The Grand Marais Art Colony has touched many lives through the years. Artists enthralled by the North Shore after a class at the Art Colony have moved north. Local property owners have plein air paintings adorning their walls, purchased at Art Colony “Clothesline Art Sales.” And the community has the honor of being home to the longest-lived art colony in the State of Minnesota. All thanks to Birney Quick, founder of the Art Colony and a talented artist himself.
And now thanks to Quick’s children, Mary, Dan and Leslie, there will be a retrospective of Quick’s work on display at the Johnson Heritage Post July 25 -September 7 in an exhibit titled A Quick Reflection.
Quick opened what eventually became the Grand Marais Art Colony as an outreach of the Minneapolis School of Art in June 1947 with his friend and colleague Byron Bradley of the Kilbride-Bradley Gallery in Minneapolis. It began as the Outdoor School of Painting, according to the Cook County Historical Society, and later programming was offered as the Town Hall Art Colony.
Quick had honed his skills as an artist and instructor before forming the art colony. A Duluth and Proctor native, Quick spent the early 1930s studying at the Vesper George School of Art in Boston. He also studied at several Massachusetts and New York art colonies, including the Barn Studio in Andover, Massachusetts and in Woodstock, New York. He returned to Duluth in 1937 and operated a gallery there, while also employed as a sculpture and art instructor at the College of St. Scholastica.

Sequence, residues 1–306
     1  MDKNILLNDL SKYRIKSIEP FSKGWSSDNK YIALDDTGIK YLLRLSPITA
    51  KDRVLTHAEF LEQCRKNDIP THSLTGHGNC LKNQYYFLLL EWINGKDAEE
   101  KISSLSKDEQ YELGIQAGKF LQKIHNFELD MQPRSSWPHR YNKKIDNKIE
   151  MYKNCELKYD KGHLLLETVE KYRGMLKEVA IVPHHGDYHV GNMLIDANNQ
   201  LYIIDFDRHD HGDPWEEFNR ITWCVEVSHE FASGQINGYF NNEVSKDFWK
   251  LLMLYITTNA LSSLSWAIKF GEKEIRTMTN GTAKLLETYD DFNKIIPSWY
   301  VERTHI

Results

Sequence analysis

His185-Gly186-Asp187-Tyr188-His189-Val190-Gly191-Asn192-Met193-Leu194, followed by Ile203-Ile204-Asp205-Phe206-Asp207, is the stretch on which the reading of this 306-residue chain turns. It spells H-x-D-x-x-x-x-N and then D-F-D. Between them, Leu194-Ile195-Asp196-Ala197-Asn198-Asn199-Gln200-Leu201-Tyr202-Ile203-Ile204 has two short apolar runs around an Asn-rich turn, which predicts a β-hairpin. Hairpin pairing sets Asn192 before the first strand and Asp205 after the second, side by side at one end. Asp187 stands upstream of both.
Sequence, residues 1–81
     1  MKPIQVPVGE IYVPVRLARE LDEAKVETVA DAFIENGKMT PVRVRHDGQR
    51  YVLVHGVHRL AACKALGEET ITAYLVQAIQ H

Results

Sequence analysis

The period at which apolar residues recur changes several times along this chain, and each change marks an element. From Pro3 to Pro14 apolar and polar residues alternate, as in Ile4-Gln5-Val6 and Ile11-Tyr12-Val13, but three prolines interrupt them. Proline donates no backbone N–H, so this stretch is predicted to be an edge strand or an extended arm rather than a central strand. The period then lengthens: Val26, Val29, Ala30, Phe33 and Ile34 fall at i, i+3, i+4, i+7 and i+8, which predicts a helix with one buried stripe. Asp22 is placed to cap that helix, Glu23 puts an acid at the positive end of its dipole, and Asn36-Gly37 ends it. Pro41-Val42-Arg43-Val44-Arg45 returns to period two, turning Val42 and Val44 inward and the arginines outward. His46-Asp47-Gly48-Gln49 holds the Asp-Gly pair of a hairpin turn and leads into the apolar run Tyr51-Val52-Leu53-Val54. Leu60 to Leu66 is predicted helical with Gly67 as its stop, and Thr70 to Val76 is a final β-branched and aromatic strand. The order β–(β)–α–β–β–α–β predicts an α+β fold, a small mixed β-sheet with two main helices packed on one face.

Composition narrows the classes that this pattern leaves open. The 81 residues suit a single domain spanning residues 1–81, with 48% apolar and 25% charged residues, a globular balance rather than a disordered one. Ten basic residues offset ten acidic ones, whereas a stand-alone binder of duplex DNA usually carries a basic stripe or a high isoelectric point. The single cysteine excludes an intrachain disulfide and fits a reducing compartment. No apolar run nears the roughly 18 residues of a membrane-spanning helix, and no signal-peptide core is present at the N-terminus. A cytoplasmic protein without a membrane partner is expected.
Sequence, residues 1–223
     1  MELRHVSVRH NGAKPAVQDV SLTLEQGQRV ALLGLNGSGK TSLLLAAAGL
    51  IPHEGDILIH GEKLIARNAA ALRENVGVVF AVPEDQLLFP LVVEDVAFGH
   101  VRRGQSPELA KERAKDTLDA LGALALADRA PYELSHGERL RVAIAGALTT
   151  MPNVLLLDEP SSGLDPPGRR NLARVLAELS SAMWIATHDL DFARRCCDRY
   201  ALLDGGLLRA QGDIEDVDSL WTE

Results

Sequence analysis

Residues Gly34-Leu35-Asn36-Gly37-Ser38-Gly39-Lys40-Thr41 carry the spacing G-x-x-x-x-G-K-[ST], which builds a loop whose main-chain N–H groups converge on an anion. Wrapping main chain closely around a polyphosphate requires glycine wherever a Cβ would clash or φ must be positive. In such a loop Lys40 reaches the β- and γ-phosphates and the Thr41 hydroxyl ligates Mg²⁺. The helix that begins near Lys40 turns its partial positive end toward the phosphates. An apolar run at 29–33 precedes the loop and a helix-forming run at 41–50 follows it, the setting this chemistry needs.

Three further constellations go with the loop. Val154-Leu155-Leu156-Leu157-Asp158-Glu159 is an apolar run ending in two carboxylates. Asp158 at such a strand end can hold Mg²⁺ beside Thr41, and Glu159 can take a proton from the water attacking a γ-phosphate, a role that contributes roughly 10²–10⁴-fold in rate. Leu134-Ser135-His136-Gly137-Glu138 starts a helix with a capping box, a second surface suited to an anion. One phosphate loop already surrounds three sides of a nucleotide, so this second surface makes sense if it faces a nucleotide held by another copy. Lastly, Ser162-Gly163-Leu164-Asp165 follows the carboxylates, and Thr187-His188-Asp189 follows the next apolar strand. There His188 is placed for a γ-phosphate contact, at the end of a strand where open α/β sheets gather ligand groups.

Quick’s art career was almost interrupted when he joined the Army Air Corps in June 1943. However, art still found him—he spent part of his tour of duty painting a series of murals at the Keesler Air Base in Biloxi, Mississippi.
When he left the service, he joined the faculty of the Minneapolis School of Art as a painting and drawing instructor, where the idea of an art colony on Lake Superior’s North Shore was formed.
In 1956, the School of Art ended its sponsorship of the colony. Quick and Bradley became the owners of the enterprise and gave it the name it bears today, the Grand Marais Art Colony.
The art colony offered art classes to children and adults alike. It hosted jazz and symphony concerts, lectures and a variety of events. Each Monday night, Bradley and Quick hosted a fish fry and art demonstration. Fishing and exploring the beautiful North Shore was encouraged and outdoor painting was a constant focus.
Quick, Bradley and fellow artist Harvey Turner ran the art colony until 1981.
From that long tenure, Quick’s name became synonymous with the founding of the art colony. However, fans of the talented and prolific artist know that he produced over 10,000 works of art during his career. Quick’s work was shown in numerous oneman and group exhibitions in galleries such as Duluth’s Art Institute and the Tweed Gallery, Walker Art Center, Minneapolis Institute of Arts, the Art Institute of Chicago and more. Locally, Quick’s work can be seen on murals at the Grand Marais State Bank and in private homes and businesses.
Through the summer, his work can also be seen at the Johnson Heritage Post, just down the road from his beloved art colony and just across the street from the lake that drew him here. Stop by and enjoy A Quick Reflection.